William Blinn, Prince's 'Purple Rain' Screenwriter, Dead at 83

William Blinn, the Emmy-winning screenwriter of Brian’s Song, the Roots miniseries and Prince’s Purple Rain film, has died at the age of 83.

Blinn’s family confirmed to The Hollywood Reporter that the screenwriter died Thursday of natural causes at an assisted living community in Burbank, California.

After starting his career as a writer on TV Westerns like Gunsmoke, Rawhide and Bonanza, Blinn has tasked with adapting Gale Sayers’ memoir about the Chicago Bears running back’s friendship with his terminally ill teammate Brian Piccolo as the television movie Brian’s Song in 1971.

Blinn would win the Emmy for Outstanding Writing Achievement in Drama – Adaptation, an award he’d win again for his work on the famed 1977 miniseries Roots. Blinn also the creator of  the Seventies cop series Starsky & Hutch.

In a 1984 Rolling Stone feature about the making of Purple Rain, Blinn was approached by Prince’s management about helping to convert Prince’s purple notebook filled with film ideas into an actual movie.

“At first, I thought it was a kind of strange request,” Blinn says. “But he really identifies with purple. There’s a whole dark, passionate, foreboding quality to the color and to what he does. Yet there’s a certain royalty to it, too.”

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“I never met anyone in the world who ordered spaghetti with tomato sauce and orange juice to drink,” Blinn recalled of his first meeting with Prince — who he’d previously never heard of — at a Los Angeles Italian restaurant. “He’s definitely got his own drummer going.”

Blinn, who was producing a television series based on the film Fame at the time, agreed to take on the challenge of writing the movie which Prince had been calling Dreams, even through Blinn’s first draft; midway through the second draft, Prince told Blinn to put “Purple” in the title.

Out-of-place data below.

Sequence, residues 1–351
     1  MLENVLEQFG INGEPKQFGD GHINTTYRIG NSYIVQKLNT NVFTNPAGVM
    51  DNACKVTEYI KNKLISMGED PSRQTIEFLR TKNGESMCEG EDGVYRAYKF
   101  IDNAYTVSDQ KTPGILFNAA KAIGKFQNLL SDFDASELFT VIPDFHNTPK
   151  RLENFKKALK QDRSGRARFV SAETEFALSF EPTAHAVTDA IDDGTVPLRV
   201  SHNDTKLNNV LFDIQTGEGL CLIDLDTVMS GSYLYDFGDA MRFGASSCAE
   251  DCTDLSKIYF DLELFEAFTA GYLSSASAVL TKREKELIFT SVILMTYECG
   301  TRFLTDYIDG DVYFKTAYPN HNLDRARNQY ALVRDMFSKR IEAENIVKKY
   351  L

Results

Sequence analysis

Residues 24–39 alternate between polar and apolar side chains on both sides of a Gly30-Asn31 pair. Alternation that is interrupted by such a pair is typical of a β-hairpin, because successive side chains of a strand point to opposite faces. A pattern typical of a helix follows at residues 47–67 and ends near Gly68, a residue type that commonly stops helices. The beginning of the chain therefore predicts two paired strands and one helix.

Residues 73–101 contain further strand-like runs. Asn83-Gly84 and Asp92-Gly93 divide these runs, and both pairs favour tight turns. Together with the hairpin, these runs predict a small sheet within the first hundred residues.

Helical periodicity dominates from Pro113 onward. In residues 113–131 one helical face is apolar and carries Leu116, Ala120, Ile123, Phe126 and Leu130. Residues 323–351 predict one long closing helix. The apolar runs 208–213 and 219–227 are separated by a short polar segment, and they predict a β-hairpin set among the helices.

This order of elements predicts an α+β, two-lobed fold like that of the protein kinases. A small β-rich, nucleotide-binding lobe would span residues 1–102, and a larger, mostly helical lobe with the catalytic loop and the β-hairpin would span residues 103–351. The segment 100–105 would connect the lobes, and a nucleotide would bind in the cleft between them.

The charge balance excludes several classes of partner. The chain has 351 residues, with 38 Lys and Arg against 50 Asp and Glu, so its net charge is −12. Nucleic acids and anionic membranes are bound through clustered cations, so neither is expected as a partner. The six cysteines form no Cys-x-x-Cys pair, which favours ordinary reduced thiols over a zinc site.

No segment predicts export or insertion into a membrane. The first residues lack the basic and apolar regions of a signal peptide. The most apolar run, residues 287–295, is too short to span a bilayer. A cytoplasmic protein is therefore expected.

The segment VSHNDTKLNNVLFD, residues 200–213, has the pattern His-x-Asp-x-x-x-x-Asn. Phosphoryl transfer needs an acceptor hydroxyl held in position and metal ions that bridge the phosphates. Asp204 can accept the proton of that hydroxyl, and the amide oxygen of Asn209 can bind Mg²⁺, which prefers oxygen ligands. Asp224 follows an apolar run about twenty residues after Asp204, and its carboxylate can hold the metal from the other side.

“At first, I thought it was a kind of strange request,” Blinn said. “But he really identifies with purple. There’s a whole dark, passionate, foreboding quality to the color and to what he does. Yet there’s a certain royalty to it, too.”

After two drafts of Purple Rain, Blinn left the project and returned to Fame, with the film’s director Albert Magnoli ultimately rewriting much of the story. Blinn and Magnoli were co-credited as writers on the upon the film’s release. Purple Rain remained Blinn’s lone big-screen credit, though he later worked on TV series like Eight Is Enough, Our House and Pensacola: Wings of Gold.

“I watched [Purple Rain] it about a year ago, and for a 20-year-old movie it’s held up pretty well. Sometimes when you go back, you think ‘That wasn’t a good idea,’”Blinn told Atlanta Journal-Constitution in 2004. “For [young people] it was seminal. It took their music and said, ‘We can do a musical, just like the big boys.’…The movie could’ve been more edgy, but for what it was, we came up with a very good picture.”

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